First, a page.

All across the globe, people bond over the experience of sharing meals. Families sit down together for holiday dinners, couples go on dates at restaurants, friends host cookouts to bring people together, and charitable organizations host dinners to raise money for their cause.
Cooking and eating have been ways human beings throughout all of history have spent time together. Certain foods and cuisine may be a source of pride for groups of people. We build a routine based on meal times, and we often look forward to these breaks in our day.
While we are in a recovery program, we might share meals with our peers. Shared meals can help us to build a sense of community and open up a dialogue for thoughtful conversation. Sharing healthy meals also helps our physical well-being, which then helps us develop a healthy frame of mind.
Preparing Meals Together: Learning to Share and Compromise
While attending long-term recovery programs, like sober living homes, we might be supplied with food to prepare meals with our peers. We may be asked by our recovery support staff to help plan menus and prepare meals. When planning menus with our peers, we may have to compromise depending on each person’s tastes and dietary needs.
Our favorite meal might not be the preferred choice of our peers. Some of our peers might also have dietary restrictions preventing them from eating some of the things that we enjoy. When preparing meals, we also share our culinary skills with the group.
Some of us may bring a different skill to the table, like being able to mince onions or beings able to make sauces without a recipe. Some of us may have unique recipes that we would like to share with our peers. When we plan and prepare meals, we reach toward the common goal of enjoying a healthy and nutritious meal together.
For some of us, sharing a meal could be akin to sharing a part of our history and our culture. We may have a family recipe that is passed down from generation to generation, or have a favorite meal that brings up pleasant memories. When people travel to new places, finding unique and local cuisine helps them learn about the cultural settings of new environments.
We can learn a lot from one another based on our preferred meals. One of your peers may be a vegan due to their passion for animal rights. Another may love pizza because their baseball coach took them out for pizza following victories. Our meals can spark new topics of conversation and help us get to know our peers.
Trying New Things and Being Open-Minded
We might be exposed to different experiences that we have never tried before while in a recovery treatment program. Nutritious and healthy meals might be a new experience for us. Trying new things can help us learn to be open-minded and accept new challenges.
Eating different types of foods can help us cultivate an openness to trying novel activities. Thinking of eating unfamiliar foods as an exercise in open-mindedness can help us in our recovery. When trying new foods, we might have to suspend our preconceived notions about what we expect.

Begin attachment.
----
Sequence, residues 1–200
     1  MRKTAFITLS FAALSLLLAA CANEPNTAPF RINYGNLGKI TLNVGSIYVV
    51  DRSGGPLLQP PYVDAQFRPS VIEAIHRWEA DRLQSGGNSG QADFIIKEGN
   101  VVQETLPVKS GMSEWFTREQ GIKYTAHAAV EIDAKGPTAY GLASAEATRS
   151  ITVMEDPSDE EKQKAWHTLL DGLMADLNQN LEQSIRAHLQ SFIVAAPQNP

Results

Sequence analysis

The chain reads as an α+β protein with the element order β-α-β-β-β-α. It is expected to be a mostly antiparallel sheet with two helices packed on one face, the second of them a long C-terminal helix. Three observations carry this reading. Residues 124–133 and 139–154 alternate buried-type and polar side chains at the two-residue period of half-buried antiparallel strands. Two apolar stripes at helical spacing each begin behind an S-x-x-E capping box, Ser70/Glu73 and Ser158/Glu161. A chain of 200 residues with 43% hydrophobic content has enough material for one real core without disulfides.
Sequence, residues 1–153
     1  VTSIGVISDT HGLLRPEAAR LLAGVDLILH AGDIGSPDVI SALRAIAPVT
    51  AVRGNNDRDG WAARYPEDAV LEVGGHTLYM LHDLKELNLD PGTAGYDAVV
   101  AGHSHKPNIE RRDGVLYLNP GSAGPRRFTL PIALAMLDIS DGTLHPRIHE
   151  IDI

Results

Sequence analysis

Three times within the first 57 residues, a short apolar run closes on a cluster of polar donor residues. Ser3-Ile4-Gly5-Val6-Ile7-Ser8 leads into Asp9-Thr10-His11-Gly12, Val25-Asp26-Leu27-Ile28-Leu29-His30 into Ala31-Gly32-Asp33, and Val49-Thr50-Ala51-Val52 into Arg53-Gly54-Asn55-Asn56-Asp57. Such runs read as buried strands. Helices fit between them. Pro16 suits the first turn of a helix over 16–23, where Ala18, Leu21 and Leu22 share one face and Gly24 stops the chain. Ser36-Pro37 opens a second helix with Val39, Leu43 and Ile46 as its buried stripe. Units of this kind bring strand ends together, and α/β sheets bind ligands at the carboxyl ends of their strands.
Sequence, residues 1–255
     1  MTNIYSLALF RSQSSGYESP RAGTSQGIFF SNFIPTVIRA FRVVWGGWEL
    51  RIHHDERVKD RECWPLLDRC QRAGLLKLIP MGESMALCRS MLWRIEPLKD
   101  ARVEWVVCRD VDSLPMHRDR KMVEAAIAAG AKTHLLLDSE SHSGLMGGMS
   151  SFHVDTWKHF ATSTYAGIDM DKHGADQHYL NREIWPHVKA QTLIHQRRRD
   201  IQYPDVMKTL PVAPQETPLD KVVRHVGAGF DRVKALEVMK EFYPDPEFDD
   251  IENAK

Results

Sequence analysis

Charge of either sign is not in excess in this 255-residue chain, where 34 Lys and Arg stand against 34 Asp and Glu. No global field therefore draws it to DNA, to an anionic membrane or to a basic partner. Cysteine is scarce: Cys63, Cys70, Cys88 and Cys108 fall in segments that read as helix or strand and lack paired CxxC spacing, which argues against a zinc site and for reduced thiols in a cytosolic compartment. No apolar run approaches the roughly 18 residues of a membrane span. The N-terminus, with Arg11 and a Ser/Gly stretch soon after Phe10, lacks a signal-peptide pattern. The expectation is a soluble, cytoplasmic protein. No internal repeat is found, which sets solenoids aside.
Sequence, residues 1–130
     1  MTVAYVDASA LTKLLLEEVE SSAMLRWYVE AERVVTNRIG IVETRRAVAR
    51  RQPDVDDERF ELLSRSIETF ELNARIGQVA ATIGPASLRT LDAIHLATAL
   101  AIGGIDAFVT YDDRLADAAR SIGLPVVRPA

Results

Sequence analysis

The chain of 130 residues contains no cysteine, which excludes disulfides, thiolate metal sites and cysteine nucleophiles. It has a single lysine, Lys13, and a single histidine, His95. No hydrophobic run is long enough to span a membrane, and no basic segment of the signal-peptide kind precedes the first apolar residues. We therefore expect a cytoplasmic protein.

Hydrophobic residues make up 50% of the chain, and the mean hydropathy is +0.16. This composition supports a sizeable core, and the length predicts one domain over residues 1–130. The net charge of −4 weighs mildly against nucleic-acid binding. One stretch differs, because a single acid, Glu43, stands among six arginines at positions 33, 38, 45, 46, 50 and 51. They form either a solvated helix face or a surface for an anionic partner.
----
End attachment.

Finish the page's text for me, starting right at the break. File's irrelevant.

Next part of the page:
We may need to challenge our thoughts on what is and what is not a satisfying meal. We might not understand the impact of eating nutritious meals. We may need to learn how to develop healthy eating habits to replace some unhealthy behaviors and ideas about food.
Just like new challenges and activities in recovery treatment, we might be surprised by what we enjoy when sharing new meals with others. We might discover a new favorite meal during our stay in a sober living environment that we never would have been exposed to prior to our participation in treatment.
Building Community: A Pillar of Recovery
Fostering a sense of community is one of the pillars of many recovery programs. Prepping and sharing meals can teach us how to compromise with our peers, how to work with our peers, and can provide us with a comfortable environment for intriguing conversations. Sharing meals with others can help us feel a sense of belonging in a new environment and help us to feel at ease within our recovery program.
When we build a sense of community, we begin to build healthy relationships and create a supportive recovery environment for all the people within our program. Meal-sharing is one of many ways that we can cultivate a sense of community and get to know our peers.
Some recovery programs and sober living homes recognize the importance of providing healthy meals for peers in recovery. Sharing meals is a great way to learn about healthy eating habits, to come together as a peer group, to learn new things about each other, and to foster a sense of community within a treatment program. Food is often a source of comfort for most of us and learning how to make nutritious meals can have a profound impact on our overall health and well-being. Learning to eat unfamiliar dishes also teaches us to be open-minded in other areas of life as well. Camelback Recovery recognizes the value of sharing meals among peers in our sober living environments. Our staff help to prepare community dinners to share with all of our participants. Call us today at (602) 466-9880 to begin your recovery treatment in our home.